Crossroads Foundation, 2 Castle Peak Road, Tuen Mun, New Territories, Hong Kong, 2272 9333, www.crossroads.org.hk
Sai Ying Pun Market
If you’re in the area, check out Organic Veggie Express in Sai Ying Pun’s local market. Hand pick locally grown superfood veggies while they’re fresh and ripe. Not only will it benefit your health, but will also support the local economy!
Organic Veggie Express, 45 Centre Street, Sai Ying Pun, Hong Kong
Local organic online store, Jou Sun, enables its customers to buy affordable groceries that are fresher and of better quality by sourcing directly from 35 farmers and speciality importers around Hong Kong. You can easily find sustainable and organic produce, from fresh meat and seafood to dairy products to rice and other grains! With seasonal promotions and next day delivery, your online healthy food shopping is made easier with Jou Sun! Delivery fee is waived if you spend a minimum amount.
If you’re the type that’s allergic to various foods or has specific dietary restrictions, opt for user-friendly Nutri Alley, where shoppers are provided with a range of “free-from” products to pick from. Whether you’re looking for caffeine-free, dairy-free, gluten-free, vegan or kosher items, you can easily find it with its filter search!
Sure, it’s got organic food, but this store even has organic pet food and shampoo! With a range of skincare and household items, One Vegan Shop has all things vegan, as well as a large selection of healthy food like vegetarian meat, dairy-free desserts, supplements and more.
Certified organic online store, Organic Taste is stocked up on a range of products such as superfoods, detox supplements, healthy munchies, energy bars and plenty more. They all carry certifications from around the world such as the USDA Organic, EU Organic and others. What’s more is that these products are all at pretty friendly prices, what would otherwise be quite pricey at any other ordinary retail store!
Organic Taste, WhatsApp: 9138 235, www.organictaste.com.hk
Dragontail Farm dedicates itself to harvesting organic foods for locals from locals. Located in Lantau Island, it sells in-season foods and hopes to expose more people to unique and little-known veggies like the angled loofahs, silk gourds, and water spinach, but it also has a lot of the common veggies like tomatoes and cabbage. There is a wide variety of herbs such as mint, oregano, parsley, basil, and rosemary depending on the season. Although it has very few fruits available, bananas, mulberries, and passionfruit are occasionally available.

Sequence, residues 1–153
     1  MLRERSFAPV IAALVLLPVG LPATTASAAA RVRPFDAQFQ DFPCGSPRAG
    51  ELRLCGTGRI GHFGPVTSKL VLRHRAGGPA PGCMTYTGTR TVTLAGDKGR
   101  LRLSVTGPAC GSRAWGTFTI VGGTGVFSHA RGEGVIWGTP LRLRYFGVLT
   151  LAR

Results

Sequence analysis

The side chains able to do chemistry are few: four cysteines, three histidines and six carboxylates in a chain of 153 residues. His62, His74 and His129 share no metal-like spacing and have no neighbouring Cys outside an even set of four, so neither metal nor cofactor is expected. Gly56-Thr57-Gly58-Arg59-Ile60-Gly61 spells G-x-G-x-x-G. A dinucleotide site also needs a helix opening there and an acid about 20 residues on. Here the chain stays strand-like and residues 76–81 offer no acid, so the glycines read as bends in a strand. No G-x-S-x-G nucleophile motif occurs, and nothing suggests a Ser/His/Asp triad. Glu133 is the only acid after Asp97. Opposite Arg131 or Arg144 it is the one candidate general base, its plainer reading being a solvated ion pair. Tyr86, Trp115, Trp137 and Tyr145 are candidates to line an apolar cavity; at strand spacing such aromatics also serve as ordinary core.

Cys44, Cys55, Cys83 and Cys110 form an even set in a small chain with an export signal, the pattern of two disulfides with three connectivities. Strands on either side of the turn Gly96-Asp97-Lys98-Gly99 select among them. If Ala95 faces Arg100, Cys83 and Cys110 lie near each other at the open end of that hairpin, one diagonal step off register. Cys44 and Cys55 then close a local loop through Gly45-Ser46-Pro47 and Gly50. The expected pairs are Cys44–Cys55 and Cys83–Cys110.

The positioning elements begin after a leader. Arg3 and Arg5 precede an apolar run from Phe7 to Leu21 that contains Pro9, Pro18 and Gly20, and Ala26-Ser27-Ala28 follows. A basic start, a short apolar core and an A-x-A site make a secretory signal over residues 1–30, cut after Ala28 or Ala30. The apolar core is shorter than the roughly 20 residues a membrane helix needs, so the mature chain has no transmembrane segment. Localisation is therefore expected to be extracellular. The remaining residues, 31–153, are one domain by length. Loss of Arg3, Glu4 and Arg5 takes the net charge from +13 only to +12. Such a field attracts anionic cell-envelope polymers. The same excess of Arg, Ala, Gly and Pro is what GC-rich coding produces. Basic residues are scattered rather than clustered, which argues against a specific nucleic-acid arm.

Dragontail Farm Ltd. Luk Tei Tong, Mui Wo, Lantau Island, Hong Kong, 5422 2844, www.leoying.wixsite.com/dragontail-farm
Originally created by three mums, Naoko, Annamaria, and Charlotte, Eat FRESH provides organic foods that are all HKORC-certified and undergo annual testing. The produce is farmed in New Territories by organic farmers. Currently, two health coaches help run the organisation and regularly produce articles about health and sustainable healthy living, as well as recipes for dragonfruit vegan gelato, minestrone, homemade sauerkraut, and eggplant parms. There is a subscription plan available as well as a la carte selections.
Eat FRESH, 9786 9053, www.eatfresh.com.hk
A government-run platform helping local farmers right here in the 852! Ordering vegetables grown locally is the best way to give back to Hong Kong. You can either visit the wholesale vegetable market or choose your order online and wait for it to be delivered. Vegetable Marketing Association changes its selection of vegetables every other season. In winter, the vegetables include flowering Chinese cabbage, pea shoots, radishes, Irish potatoes, and Chinese kale, amongst others. During the warmer months, you can find an assortment of gourd, cucumbers, string beans and eggplant.
Vegetable Marketing Association, 2387 4164, www.vmo.org
This article was originally published on 25 April 2012 and was updated in November 2018.